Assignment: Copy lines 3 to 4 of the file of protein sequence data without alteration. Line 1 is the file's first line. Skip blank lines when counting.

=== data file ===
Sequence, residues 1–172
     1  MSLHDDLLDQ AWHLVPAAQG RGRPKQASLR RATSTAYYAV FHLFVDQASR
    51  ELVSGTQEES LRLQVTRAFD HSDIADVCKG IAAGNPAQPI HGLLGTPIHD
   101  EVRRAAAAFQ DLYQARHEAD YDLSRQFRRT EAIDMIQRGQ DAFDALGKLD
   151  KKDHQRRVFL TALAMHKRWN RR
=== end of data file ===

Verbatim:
    51  ELVSGTQEES LRLQVTRAFD HSDIADVCKG IAAGNPAQPI HGLLGTPIHD
   101  EVRRAAAAFQ DLYQARHEAD YDLSRQFRRT EAIDMIQRGQ DAFDALGKLD